What works in online learning? It’s got to be easy to use and easily affordable, writes William Wade, dean of Online Learning at West Kentucky Community & Technical College in Community College Week and the League for Innovation in Community College’s Learning Abstracts, December 2011.
Consistency is key, writes Wade.
Common menu labels, consistent syllabus procedures, and uniform teacher-student communication policies help students move from one course to another.
For example, testing should be labeled “testing” in all courses, not “quizzes” or “assessment” or “evaluation.”
Creative presentation with on-demand content also is important.
Faculty have added games, puzzles, videos, live audio sessions, and animation to their formats. They have introduced themselves with back-porch videos, animated Voki comments, and on-screen fireworks. . . . What does not work is last year’s lecture from last century’s notes. Standing in front of a class physically or virtually and reciting course material from decades ago won’t make it, and neither will adding that material to an online class.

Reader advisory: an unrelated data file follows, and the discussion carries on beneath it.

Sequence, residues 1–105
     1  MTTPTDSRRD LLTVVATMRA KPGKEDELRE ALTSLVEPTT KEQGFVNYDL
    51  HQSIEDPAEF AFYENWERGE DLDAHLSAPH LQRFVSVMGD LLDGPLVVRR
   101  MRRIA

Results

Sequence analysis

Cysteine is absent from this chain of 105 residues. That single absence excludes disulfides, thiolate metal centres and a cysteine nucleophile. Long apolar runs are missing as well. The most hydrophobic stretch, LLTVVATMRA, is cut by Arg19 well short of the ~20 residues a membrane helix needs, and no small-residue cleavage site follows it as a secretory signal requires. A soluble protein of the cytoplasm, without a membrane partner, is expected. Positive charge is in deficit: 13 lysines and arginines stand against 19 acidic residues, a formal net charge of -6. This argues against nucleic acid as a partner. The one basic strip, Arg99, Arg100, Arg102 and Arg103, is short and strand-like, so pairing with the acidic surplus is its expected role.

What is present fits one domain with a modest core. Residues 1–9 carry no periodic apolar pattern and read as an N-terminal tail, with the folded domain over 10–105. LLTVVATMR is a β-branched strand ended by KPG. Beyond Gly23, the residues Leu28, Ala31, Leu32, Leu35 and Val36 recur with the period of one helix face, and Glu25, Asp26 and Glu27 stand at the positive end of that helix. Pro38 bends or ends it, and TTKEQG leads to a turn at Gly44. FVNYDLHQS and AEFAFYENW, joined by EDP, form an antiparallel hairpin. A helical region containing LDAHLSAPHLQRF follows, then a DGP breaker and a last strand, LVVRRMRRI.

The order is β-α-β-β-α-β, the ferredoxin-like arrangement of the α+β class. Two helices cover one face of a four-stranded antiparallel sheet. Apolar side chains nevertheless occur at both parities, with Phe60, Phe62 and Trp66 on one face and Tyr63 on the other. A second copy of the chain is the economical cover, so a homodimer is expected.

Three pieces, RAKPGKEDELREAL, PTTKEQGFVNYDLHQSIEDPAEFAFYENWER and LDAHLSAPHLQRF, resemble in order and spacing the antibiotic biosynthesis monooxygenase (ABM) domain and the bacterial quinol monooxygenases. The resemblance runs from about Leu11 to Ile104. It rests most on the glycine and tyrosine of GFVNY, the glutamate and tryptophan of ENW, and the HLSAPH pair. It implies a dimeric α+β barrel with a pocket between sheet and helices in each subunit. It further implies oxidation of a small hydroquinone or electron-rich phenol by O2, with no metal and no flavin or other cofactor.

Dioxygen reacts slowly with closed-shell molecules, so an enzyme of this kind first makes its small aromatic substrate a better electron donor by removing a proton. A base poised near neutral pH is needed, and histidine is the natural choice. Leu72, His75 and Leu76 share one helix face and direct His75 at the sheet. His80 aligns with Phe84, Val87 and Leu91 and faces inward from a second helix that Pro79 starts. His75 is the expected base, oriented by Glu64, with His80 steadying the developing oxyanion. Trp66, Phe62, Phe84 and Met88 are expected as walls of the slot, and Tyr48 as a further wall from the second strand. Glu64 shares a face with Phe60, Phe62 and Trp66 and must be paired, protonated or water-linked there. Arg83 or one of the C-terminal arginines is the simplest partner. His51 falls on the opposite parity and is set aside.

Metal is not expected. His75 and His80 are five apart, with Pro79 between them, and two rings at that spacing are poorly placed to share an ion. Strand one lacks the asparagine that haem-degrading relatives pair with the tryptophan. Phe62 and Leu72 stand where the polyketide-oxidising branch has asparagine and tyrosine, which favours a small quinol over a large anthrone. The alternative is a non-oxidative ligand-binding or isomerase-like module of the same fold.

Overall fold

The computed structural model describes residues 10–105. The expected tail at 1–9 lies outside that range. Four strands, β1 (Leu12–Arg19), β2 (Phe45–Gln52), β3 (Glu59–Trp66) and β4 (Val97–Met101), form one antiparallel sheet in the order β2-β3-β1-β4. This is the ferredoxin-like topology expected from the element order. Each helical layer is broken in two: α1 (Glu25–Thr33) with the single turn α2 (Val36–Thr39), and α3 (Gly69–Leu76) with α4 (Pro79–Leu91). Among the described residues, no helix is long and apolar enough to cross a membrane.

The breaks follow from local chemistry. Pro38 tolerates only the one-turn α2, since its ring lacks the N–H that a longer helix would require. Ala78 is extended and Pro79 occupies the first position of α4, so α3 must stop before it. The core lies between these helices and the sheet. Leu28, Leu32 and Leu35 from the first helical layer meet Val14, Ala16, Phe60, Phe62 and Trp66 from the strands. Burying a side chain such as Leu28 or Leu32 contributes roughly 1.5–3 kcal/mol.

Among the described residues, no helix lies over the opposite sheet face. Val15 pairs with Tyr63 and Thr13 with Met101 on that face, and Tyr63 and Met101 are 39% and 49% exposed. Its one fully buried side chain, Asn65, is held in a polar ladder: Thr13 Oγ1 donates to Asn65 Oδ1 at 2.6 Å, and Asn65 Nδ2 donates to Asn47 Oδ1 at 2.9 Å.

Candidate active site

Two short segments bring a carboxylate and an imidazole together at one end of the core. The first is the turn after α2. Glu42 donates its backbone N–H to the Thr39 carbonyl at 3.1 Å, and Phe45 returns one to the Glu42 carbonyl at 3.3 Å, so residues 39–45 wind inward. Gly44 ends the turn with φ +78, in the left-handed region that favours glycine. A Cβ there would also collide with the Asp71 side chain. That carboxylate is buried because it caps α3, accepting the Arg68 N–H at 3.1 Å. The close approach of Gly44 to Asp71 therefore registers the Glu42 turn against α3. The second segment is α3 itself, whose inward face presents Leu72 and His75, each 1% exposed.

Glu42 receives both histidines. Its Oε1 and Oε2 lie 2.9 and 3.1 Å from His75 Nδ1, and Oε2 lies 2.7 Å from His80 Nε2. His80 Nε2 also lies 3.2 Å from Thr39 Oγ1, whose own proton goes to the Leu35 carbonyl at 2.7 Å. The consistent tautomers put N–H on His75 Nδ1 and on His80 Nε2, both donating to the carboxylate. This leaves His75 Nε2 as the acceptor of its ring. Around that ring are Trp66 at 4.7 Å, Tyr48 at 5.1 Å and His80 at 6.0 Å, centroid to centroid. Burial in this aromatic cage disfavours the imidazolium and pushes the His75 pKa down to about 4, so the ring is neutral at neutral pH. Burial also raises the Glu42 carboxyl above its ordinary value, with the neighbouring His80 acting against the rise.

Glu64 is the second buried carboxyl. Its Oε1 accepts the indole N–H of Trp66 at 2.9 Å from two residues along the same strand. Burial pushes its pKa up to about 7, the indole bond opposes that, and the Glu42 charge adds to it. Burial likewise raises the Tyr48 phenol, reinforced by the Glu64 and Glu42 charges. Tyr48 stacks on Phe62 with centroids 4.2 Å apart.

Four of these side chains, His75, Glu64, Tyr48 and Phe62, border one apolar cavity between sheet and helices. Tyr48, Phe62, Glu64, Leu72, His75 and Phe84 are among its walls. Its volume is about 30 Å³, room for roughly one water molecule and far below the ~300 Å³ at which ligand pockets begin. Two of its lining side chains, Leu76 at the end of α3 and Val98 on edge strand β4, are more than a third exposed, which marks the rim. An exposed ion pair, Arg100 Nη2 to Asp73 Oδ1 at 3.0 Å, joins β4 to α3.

Success online courses engage students by letting them create and share ideas and analyze real-world applications of what they’re learning, Wade writes.
The biology class that tests the water in a local river or creek or the composition class that studies political speeches for logic and significance are the ones that move the student forward.
Money matters, but so does quality, Wade writes.
So many quality tools are available free or for a minimal cost that students no longer need to pay hundreds of dollars for software or textbooks.
Mobile learning using the iPhone, iPad, Blackberry, Zune, and 3G and 4G networks is increasingly important. Students want flexibility and multiple ways to access material.